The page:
Dip your finger in butter, tuna oil, whatever and hold it out for the cat to sniff, when it licks administer the medication. Don't be rought but don't be afraid to firmly control the cat. There is no need to hold or comfort the cat, you may even be better off approacing it cold. I know my cat is smart enough to realise something is about to happen.
posted by fire&wings at 3:38 PM on August 11, 2007


Ms. Steady (the Vet Technician) sez:

This is optimally a two-person job. You are going to want to wrap him up in a towel, and put your hand on top of his head with your thumb on one side of the jawbone and your middle finger on the other side (you will feel bumps at the right spots). Slowly pull the head back until his nose is pointing straight up in the air. This should open his mouth. Take another hand (yours or an assistant's) and put the tip of your index finger over his bottom lip, and pull down to open his mouth a little wider. At the same time, push up with your thumb underneath his chin (behind the jawbone) to raise the tongue. Now squirt the meds under the tongue. It is ideal to get the Buprenex under the tongue, because of the blood vessels close to the surface under there, however, anywhere in the mouth will be acceptable, if a little slower and less effective.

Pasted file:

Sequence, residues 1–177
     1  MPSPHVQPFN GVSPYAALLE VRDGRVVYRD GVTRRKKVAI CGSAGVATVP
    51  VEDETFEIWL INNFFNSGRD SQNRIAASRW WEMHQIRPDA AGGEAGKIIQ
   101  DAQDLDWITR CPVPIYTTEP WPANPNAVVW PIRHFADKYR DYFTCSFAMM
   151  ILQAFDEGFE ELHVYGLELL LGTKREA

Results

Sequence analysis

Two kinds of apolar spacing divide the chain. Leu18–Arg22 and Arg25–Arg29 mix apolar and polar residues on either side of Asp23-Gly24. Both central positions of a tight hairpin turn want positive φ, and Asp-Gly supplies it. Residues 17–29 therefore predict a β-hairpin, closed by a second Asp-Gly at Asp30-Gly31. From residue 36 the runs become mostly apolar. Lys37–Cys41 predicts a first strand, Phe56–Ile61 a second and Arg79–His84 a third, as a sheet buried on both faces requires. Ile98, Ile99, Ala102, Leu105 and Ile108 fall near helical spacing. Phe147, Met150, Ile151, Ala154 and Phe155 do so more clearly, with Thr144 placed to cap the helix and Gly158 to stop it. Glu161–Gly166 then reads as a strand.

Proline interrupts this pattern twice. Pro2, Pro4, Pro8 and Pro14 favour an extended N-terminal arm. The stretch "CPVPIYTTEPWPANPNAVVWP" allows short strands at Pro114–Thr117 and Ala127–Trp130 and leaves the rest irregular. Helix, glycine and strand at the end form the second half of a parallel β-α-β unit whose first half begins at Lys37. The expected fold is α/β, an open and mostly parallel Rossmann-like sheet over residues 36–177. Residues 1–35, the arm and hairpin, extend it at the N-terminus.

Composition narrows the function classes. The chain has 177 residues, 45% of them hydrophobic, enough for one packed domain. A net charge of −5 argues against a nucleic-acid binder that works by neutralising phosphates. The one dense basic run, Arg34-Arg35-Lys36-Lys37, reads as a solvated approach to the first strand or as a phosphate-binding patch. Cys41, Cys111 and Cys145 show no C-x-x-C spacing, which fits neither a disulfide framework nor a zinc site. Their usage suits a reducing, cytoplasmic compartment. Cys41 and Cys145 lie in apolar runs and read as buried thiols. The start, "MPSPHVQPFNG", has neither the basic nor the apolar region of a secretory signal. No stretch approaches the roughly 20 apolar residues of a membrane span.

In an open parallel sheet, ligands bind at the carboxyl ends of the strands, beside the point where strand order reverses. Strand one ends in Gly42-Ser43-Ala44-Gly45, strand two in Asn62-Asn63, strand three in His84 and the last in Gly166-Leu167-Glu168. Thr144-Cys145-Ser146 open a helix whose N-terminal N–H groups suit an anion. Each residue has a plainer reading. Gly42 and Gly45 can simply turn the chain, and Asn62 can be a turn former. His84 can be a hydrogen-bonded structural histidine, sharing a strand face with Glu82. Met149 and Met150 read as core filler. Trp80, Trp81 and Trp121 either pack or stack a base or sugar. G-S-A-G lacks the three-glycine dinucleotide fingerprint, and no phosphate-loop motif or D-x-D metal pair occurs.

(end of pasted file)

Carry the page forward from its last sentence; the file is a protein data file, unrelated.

She also adds that this may be more trouble than it is worth (depending on the type of surgery) and you may want to forgo the Buprenex if he does not seem to be in too much pain and is eating and drinking well.

We can take pictures if the words don't do the technique justice.
posted by Rock Steady at 5:01 PM on August 11, 2007 [4 favorites]


one of the cat catalogs has a product which looks like a cat-sized straight jacket for this very purpose. zip him up with the head sticking out and you're way better off. i've improvised with couch cushions, but, having a large and smart cat, no trick ever seems to work twice.

the first time we got him down and the mouth open, he started foaming- like he was rabid. it freaked us out enough to give up for that day. smart.
posted by tremspeed at 7:34 PM on August 11, 2007


If you have another person handy, you can try this, which has worked with my cat in the past:

One person cradles the cat like a baby, so the cat is on its back with its legs in the air. Hopefully, your cat finds this position calming, or at least not irritating. Once the cat is soothed, the person holding it grabs its two front legs in one hand so they can't be used for deadly scratching. The other person can then cram some meds into the cat's mouth. I don't know if you'll specifically be able to get anything under the cat's tongue, but you'll at least be relatively close.
posted by Help, I can't stop talking! at 9:25 PM on August 11, 2007


Under the tongue is optimal, but anywhere in the mouth (and not being spit out) is going to be better than nothing.

Also, I find it incredibly odd this question was asked anonymously...
posted by Ynoxas at 9:58 PM on August 11, 2007


My god, this is weird. I'm going through the exact same thing, with the same medicine. My vet said what Ynoxas said; under the tongue gets it into their system more quickly, but as long as it's in the mouth, it's fine. I've been mouth-squirting the meds since last Wednesday, and the cat seems to be getting the relief she needs.
posted by COBRA! at 9:40 AM on August 13, 2007